Join Horses for Clean Water Director Alayne Blickle's tour of a 2-acre farm designed by architect/owner Carolyn Adams.
Photo by Alayne Blickle
Researchers sought the most common causes of poisoning in Swiss equids. Toxic plants and medications topped the list.
Photo by Thinkstock
- Saddle Up Safely Releases Booklets on Safe Equine Travel
- KSU Vet: Watch for Vesicular Stomatitis
- Ohio Family Appeals Service Horse Decision
- New Referral Scheme Launched to Help Combat Saddle Problems
- Colorado, Texas Report Additional VS Quarantines
- FDA Sends Warning Letter to Compounding Firm
- West Nile Virus can Threaten Horse Health this Fall
- Massachusetts Bill Requires Vets to Report Animal Cruelty
- What are the Most Common Equine Toxins?
- Five Biosecurity Resources on TheHorse.com
- AI Training For Stallions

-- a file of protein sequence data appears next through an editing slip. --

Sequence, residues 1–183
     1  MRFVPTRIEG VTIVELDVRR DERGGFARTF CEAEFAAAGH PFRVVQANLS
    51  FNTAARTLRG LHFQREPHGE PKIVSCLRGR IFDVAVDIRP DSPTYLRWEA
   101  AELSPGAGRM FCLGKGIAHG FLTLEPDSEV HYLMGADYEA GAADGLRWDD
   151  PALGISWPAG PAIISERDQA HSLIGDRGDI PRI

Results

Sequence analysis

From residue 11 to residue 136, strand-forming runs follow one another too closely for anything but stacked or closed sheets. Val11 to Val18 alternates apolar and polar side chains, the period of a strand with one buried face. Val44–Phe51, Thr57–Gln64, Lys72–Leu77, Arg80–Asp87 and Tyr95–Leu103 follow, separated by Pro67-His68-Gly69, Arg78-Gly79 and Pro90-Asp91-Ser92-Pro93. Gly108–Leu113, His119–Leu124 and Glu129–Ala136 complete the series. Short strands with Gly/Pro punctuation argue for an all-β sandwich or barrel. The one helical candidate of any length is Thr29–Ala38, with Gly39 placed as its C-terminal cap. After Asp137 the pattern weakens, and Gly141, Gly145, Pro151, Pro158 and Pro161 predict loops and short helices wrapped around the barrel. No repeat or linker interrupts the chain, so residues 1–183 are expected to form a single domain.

- Ready To Assemble: Barns, Stalls, And Run-In Sheds
- Hauling Horses--National Exposition on Equine Transportation
- Buying or Building a Farm
- Grooming Your Horse: Deep Down Clean
- When Lightning Strikes
- Hair Loss in Horses
- The Same, but Different
- Create Protective Barriers
- Club Foot Concerns
Farm Call: Your Questions Answered
Q. Our gelding's broken hock has healed with what the veterinarian calls bone spurs. He believes the spurs could be rubbing against our gelding's tendon, causing pain. What is the long-term prognosis for injuries such as these?
I consider our round pen our most important tool on the property. Here are details on how to install one.